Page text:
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Lookup NU author(s): Dr Niall Cunningham,
Professor Clare Bambra
This work is licensed under a Creative Commons Attribution 4.0 International License (CC BY 4.0).
Background: Over the past decade, antidepressant prescriptions have increased in European countries and the United States, partly due to an increase in the number of new cases of mental illness. This paper demonstrates an innovative approach to the classification of population level change in mental health status, using administrative data for a large sample of the Scottish population. We aimed to identify groups of individuals with similar patterns of change in pattern of prescribing, validate these groups by comparison with other indicators of mental illness, and characterise the population most at risk of increasing mental ill health. Methods: National Health Service (NHS) prescription data were linked to the Scottish Longitudinal Study (SLS), a 5.3% sample of the Scottish population (N = 151,418). Antidepressant prescription status over the previous 6 months was recorded for every month for which data were available (January 2009–December 2014), and sequence dissimilarity was computed by optimal matching. Hierarchical clustering was used to create groups of participants who had similar patterns of change, with multi-level logistic regression used to understand group membership. Results: Five distinct prescription pattern groups were observed, indicating: no prescriptions (76%), occasional prescriptions (10%), continuation of prior use of prescriptions (8%), a new course of prescriptions started (4%) or ceased taking prescriptions (3%). Young, white, female participants, of low social grade, residing in socially deprived neighbourhoods, living alone, being separated/divorced or out of the labour force, were more likely to be in the group that started a new course of antidepressant prescriptions. Conclusions: The use of sequence analysis for classifying individual antidepressant trajectories offers a novel approach for capturing population-level changes in mental health risk. By classifying individuals into groups based on their anti-depressant medication use we can better identify how over time, mental health is associated with individual risk factors and contextual factors at the local level and the macro political and economic scale.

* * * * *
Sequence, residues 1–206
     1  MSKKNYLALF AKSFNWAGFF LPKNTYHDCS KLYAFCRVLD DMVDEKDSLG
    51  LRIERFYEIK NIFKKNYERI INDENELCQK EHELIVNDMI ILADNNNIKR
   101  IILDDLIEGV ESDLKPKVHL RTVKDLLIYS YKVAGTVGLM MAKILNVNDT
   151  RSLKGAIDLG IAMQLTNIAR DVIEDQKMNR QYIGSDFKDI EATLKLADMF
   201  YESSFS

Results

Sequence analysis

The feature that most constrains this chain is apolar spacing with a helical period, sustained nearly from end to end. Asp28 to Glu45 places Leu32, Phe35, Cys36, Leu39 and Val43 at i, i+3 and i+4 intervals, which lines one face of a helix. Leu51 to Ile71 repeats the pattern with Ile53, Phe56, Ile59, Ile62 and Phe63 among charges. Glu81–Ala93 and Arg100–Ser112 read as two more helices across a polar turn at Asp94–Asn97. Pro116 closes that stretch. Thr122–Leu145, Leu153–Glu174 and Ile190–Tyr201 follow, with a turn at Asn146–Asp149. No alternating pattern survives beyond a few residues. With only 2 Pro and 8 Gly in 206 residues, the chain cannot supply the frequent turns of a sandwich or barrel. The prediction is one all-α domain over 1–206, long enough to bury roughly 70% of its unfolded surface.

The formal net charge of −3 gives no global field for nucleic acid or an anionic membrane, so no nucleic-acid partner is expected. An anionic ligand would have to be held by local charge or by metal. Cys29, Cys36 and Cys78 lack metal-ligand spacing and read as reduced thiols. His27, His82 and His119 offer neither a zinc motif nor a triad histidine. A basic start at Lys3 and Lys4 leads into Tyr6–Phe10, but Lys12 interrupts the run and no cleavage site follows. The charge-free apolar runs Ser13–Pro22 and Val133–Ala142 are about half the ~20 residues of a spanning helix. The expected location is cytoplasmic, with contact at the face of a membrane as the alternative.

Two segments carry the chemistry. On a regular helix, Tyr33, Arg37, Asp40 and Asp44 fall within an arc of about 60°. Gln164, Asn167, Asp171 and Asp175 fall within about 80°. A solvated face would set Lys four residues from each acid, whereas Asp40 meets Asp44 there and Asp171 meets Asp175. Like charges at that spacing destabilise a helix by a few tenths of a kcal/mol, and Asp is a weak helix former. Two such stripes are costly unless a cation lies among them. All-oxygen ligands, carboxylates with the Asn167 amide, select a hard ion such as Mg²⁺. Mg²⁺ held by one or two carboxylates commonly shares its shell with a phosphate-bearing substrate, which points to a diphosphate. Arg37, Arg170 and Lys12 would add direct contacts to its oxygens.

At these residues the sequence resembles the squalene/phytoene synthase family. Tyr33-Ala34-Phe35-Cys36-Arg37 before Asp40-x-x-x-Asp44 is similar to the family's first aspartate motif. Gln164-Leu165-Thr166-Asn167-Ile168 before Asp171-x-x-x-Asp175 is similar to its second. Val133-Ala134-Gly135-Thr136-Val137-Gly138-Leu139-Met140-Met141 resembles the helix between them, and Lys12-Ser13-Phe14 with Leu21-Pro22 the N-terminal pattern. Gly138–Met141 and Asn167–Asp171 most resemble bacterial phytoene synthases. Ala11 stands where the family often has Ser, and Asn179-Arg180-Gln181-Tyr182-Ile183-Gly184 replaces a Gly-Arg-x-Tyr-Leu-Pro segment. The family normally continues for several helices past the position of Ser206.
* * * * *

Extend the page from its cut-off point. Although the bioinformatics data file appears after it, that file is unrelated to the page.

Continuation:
Author(s): Cherrie M, Curtis S, Baranyi G, McTaggart S, Cunningham N, Licence K, Dibben C, Bambra C, Pearce J
Publication type: Article
Publication status: Published
Journal: BMC Psychiatry
Online publication date: 23/11/2020
Acceptance date: 15/11/2020
Date deposited: 07/12/2020
ISSN (electronic): 1471-244X
Publisher: BioMed Central Ltd.
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